The Last Bookstore—Beloved Selfie Destination—Has a Photogenic Cousin
People flock to the famous book tunnel at the Last Bookstore in downtown Los Angeles to create the ultimate bookstore self-portrait. Now there’s a new tunnel in town, and it’s made of plants.
To enter Lost Books in Montrose, California, you must first walk through a tunnel made entirely of plants. Creeping Charlie and sea grape cascade down the walls, while lights twinkle like fireflies, and a set of bookshelves peeks through the greenery. It feels like being transported to a magical place, where something you lost will soon be found. It’s so mystical and charming that, let’s be honest, you need to take a selfie immediately.
If there’s something familiar about this scene, it’s because this verdant tunnel is the photogenic cousin of the book tunnel in Los Angeles’s Last Bookstore, the sprawling 22,000-square-foot home to thousands of used books along with galleries and art installations. As anyone who’s made the pilgrimage there knows, that tunnel is a selfie sensation. Quite literally made of literature, people flock there to snap photos of themselves while holding a book, holding hands, holding their dog, and even holding an engagement ring.
“When building out the store, my husband was like, ‘Do whatever you want,’” Lost Books creator Jenna Spencer said. The husband in question is Josh Spencer, who opened the famed downtown store in 2005. “But he did want some sort of tunnel entrance,” she says. “Something that felt like an enchanted, garden experience.”
Jenna, who previously owned Nailing Hollywood, a celebrity manicure agency (Natalie Portman, Jennifer Lawrence and Dolce & Gabbana were clients), immediately knew who to ask.
Five hundred feet from the front door of the Last Bookstore is a restaurant called Yuko Kitchen. Owned by a woman who calls herself “Yuko Kitchen” but everyone calls Yuko, the restaurant features Japanese rice bowls and is decorated with a tangled jungle of plants that hang from the ceiling like they want to tickle the customers. The plants were originally for decoration, but when Yuko stopped serving food due to the coronavirus pandemic, she decided to sell her ferns and ivy instead.
An admirer of the restaurant’s lush environs, Jenna approached Yuko about the tunnel, who agreed to do it on one condition: “I said, ‘I can do this,’” Yuko recalled, “’but you need to hire someone to water the plants.’”
Jenna not only agreed; she decided to care for them herself.
To say that Yuko took the idea of a plant tunnel and ran with it is an understatement. David Lovejoy, a Los Angeles artist and woodworker whose sculptural assemblages can be found in the Last Bookstore, built the frame. (It bears mentioning that Josh’s dad, Alan, designed the famous book tunnel and Lovejoy constructed it.) Yuko covered that in paper, then covered that with dry moss, a process which she said took about 80 hours. Next, she hung plant pockets—365, to be exact—and filled them with approximately 20 plant varieties, including spider plants, Swedish ivy, bird’s nest ferns, and live moss. Her hope is that the foliage will “crawl up and grow into each other” as the tunnel matures.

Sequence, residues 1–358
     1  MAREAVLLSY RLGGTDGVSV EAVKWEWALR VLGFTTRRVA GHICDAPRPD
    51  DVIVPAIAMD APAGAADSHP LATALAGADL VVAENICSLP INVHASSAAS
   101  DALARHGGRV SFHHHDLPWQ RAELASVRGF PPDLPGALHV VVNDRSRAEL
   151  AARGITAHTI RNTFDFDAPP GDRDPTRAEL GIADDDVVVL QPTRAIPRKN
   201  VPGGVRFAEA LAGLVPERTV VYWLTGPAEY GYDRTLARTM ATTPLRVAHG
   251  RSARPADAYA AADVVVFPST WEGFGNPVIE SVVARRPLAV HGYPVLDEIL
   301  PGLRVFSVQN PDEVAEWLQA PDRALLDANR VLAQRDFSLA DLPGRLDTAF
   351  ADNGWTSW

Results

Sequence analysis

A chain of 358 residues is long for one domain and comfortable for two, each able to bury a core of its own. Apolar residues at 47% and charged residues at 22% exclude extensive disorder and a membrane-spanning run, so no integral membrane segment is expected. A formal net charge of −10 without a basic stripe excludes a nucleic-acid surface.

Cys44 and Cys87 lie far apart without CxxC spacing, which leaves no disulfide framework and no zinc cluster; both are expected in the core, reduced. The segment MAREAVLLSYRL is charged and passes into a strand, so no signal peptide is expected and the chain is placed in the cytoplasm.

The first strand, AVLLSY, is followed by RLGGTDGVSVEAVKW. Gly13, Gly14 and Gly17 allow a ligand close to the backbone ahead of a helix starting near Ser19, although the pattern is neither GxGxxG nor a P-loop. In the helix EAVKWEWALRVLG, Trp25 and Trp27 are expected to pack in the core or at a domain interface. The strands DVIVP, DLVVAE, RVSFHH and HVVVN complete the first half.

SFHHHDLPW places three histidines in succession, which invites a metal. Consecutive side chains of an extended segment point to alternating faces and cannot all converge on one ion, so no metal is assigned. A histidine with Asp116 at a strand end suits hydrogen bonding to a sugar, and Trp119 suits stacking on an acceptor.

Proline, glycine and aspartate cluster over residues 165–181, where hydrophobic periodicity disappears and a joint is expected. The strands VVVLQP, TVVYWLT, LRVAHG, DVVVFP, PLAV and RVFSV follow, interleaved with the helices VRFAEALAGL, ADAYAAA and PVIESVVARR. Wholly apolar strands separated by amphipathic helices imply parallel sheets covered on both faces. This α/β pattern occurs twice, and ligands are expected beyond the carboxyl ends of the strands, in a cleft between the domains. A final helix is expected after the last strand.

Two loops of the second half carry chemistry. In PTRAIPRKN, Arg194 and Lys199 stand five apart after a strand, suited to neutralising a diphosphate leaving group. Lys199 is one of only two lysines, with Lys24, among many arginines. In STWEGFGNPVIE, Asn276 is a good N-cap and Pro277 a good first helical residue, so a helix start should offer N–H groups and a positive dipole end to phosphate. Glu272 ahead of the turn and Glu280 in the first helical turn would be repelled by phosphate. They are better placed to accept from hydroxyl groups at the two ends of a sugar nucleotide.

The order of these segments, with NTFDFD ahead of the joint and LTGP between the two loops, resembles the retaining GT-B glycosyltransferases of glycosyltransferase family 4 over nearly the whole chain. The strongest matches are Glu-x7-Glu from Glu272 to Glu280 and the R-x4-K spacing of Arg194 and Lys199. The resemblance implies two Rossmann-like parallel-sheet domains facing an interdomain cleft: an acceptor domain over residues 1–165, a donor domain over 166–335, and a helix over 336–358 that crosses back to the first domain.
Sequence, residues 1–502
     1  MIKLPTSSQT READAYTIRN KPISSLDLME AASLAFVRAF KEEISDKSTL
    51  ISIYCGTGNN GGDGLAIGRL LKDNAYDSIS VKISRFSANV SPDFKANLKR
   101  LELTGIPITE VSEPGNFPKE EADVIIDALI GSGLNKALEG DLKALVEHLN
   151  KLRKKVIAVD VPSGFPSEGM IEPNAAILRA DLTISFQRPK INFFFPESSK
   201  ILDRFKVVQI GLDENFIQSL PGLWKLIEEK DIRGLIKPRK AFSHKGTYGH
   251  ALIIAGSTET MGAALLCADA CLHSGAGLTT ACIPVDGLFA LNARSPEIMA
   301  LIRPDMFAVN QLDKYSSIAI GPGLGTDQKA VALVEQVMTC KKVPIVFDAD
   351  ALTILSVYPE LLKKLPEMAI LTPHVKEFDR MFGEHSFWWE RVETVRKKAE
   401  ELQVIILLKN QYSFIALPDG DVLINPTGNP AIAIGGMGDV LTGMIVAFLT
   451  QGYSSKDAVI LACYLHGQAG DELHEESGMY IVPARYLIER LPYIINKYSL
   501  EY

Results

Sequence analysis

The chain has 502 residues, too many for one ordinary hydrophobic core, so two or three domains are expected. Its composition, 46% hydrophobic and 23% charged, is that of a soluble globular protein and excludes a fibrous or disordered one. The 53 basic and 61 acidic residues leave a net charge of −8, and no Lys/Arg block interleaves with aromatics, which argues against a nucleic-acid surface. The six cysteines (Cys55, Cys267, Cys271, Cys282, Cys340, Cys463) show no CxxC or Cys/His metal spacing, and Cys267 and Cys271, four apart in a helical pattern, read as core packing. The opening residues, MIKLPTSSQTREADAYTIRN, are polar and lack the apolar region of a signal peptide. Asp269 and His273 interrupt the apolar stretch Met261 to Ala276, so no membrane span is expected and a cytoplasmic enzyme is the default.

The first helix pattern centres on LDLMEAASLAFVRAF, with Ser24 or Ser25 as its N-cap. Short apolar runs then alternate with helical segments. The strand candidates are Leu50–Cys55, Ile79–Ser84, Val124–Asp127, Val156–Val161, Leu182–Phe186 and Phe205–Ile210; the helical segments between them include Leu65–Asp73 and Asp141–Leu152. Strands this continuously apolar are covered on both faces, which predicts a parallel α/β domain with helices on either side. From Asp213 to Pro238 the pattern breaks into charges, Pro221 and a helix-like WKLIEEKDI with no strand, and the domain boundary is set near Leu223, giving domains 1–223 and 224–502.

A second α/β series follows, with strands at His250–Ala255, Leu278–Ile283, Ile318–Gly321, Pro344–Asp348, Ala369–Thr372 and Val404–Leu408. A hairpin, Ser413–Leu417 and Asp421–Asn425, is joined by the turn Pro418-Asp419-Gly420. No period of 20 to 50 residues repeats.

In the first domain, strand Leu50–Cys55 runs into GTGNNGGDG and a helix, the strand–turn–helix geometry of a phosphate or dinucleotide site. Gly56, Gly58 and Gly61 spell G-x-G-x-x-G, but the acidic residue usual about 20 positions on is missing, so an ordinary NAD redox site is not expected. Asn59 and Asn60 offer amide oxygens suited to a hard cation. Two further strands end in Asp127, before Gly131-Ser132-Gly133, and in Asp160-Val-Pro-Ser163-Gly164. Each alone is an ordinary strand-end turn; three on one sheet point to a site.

Looking at her work, Yuko decided the tunnel was too dark. The firebugs she loved to visit at a lake not far from where she grew up in the Japanese countryside of Hiroshima came to mind. “The lake has a fairy tale kind of feel,” she said. “It’s so beautiful, and the firebugs are everywhere.” She installed twinkling lights, and enchantment ensued.
Yuko’s merging plants can be thought of as a metaphor for the Spencer family itself. Josh and Jenna first met in Maui in 1999, where their fathers were both pastors. They dated but it didn’t work out, though they introduced their dads who are still best friends. Cut to two years ago, when Jenna and Josh were both living in Los Angeles. They reconnected, fell in love and got married. If the story has a mythical feel to it, well, that just goes with the atmosphere.
Jenna asked Josh’s father, Alan, a carpenter, to build book crates that would snake through her space in a movable labyrinth. He flew in from Maui and made 180 crates by hand, sleeping in the space every night for three weeks, until he questioned his own sanity and they brought in help to build 820 more.
Meanwhile, Jenna flew in a cousin from West Virginia to help cover the bookstore ceiling in dried reindeer moss, a 100-hour process that ended in an all-nighter complete with moss falling in their mouths.
It was also decided that the store should not only display Yuko’s plants but sell them, too. For Jenna, this strikes a personal chord: “Growing up in Maui, my dad had property and he would constantly walk me through the gardens and say, ‘This plant is called this. That plant is called that,’” she said.
Which isn’t to say she’s an expert. Jenna says Yuko has taught her things that would have taken her years to learn on her own. “One thing I love that Yuko’s taught me is that most people think they don’t have a green thumb, but that’s not true. It’s just that they love the plants too much,” she said. “They give them too much sun, or too much water. Yuko says it’s better to make the plants’ roots work for it, or they’ll get lazy, just like us.”
Lazy doesn’t seem to apply to Lost Books. After everything Jenna—and Yuko and Lovejoy and the Spencer family—put into the store, she stresses there’s still work to do. The store doesn’t have a website yet. There’s a custom-built aviary in place but the live birds haven’t been added. A five-foot panoramic aquarium is still to come.
In other words, the store—like the plant tunnel—will continue to mature. Which is the whole point.
“The Lost Book store is a chance to be in an environment I love,” Jenna said. “I want people to feel at home here, to come every single day, and to feel like they’re growing.”